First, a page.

Region braces for high winds, heat
A potentially dangerous mixture of searing temperatures and dry, powerful winds is expected to descend on Northern California this weekend, bringing a heightened risk of fire danger with them.
Pacific Gas & Electric Co. said Wednesday that it may preemptively cut power to some customers in the northern Sierra and the Sacramento Valley region to prevent damaged equipment from sparking fires.
After a stretch of mild conditions, temperatures are expected to climb to the low 100s in some parts of the Bay Area this weekend, with north winds that could gust at up to 60 mph late Saturday or early Sunday.
The National Weather Service issued a fire weather watch for the North and East Bay hills that begins Saturday at 11 a.m., continuing through Monday at 8 a.m. The fire weather watch is also in effect for interior valleys in the East Bay and for areas along Highway 4 that are susceptible to dry north winds.
National Weather Service meteorologist Ryan Walbrun said a combination of dry and offshore winds over the North and East Bay hills, low humidity, and continued hot temperatures make dry regions more susceptible to wildfires.
The Bay Area will experience warmer temperatures this weekend with temperatures in the lower 90s on the coast and in the lower 100s inland, Walbrun said. Fairfield will experience high temperatures throughout the weekend, reaching a high of 101 on Monday. In Walnut Creek, temperatures are expected to reach 100 on Monday, with weekend temperatures in the low 90s.
Strong winds in highelevation areas such as Mount Diablo will peak Saturday night into Sunday morning with gusts reaching 50 to 55 mph. In the East Bay hills, at elevations between 1,000 and 1,500 feet, winds will reach 25 to 35 mph from Saturday into Sunday morning.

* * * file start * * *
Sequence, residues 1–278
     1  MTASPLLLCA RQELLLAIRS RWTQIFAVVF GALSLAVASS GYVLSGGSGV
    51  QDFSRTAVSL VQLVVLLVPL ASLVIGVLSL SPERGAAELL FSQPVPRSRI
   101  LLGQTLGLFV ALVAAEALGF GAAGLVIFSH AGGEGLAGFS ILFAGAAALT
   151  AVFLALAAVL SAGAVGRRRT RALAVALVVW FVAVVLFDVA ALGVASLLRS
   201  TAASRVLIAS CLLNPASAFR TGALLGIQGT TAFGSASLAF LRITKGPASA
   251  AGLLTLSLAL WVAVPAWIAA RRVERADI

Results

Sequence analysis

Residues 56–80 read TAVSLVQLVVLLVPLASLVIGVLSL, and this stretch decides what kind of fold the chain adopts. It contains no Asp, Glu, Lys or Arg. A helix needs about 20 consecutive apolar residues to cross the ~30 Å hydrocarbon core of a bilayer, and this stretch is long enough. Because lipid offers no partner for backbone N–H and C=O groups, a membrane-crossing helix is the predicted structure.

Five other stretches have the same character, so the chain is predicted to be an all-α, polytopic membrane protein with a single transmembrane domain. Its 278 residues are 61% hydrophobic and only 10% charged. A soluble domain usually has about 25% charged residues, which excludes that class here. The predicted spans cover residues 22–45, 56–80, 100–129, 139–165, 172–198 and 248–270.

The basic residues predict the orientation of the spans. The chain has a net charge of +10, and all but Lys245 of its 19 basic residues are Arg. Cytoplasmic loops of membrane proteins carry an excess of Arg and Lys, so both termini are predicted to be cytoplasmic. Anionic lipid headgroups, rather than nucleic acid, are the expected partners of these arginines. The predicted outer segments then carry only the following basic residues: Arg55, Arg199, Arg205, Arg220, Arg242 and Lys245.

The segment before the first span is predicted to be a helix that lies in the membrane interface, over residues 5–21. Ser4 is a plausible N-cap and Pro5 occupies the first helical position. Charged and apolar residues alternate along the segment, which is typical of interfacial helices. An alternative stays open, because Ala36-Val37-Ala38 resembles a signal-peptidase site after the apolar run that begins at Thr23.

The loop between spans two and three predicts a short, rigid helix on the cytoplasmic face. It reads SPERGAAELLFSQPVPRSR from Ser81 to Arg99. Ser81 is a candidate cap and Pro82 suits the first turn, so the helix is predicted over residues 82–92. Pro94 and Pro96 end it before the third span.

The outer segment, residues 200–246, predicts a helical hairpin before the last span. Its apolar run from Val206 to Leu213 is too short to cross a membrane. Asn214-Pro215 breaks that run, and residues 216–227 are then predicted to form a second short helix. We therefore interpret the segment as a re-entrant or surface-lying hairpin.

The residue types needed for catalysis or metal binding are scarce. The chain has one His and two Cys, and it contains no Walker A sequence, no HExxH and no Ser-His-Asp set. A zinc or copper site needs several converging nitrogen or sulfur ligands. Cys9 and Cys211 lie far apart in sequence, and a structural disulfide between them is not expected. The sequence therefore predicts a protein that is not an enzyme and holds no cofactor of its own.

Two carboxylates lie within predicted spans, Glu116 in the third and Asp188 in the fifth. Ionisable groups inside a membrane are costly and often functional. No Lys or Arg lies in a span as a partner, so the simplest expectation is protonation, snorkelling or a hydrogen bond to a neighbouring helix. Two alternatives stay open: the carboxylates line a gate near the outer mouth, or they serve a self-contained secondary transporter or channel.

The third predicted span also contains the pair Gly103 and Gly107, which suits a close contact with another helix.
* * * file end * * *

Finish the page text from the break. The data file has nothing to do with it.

Wind direction may change on Saturday and Sunday, and potentially bring smoke from the August and North Complex fires back to the North Bay this weekend, Walbrun said.
Fire weather watches are issued ahead of time when conditions look favorable for wildfires, Walbrun said. He expects the event to upgrade to a redflag warning this weekend.
PG&E unveiled new “Watch and Warning” notifications Tuesday that may provide residents with a warning two days and up to four hours before a potential power shutdown and information about when it will be restored. The alerts come after customers complained that they were not given sufficient time in the past to prepare for these shutoffs.
“Right now is the time to go through your emergency checklist, charge your devices and ask yourself what would you do if a fire started and you needed to evacuate your home in short order,” Walbrun said.
Sweltering temperatures and powerful winds may bring a heightened risk of fire danger this weekend.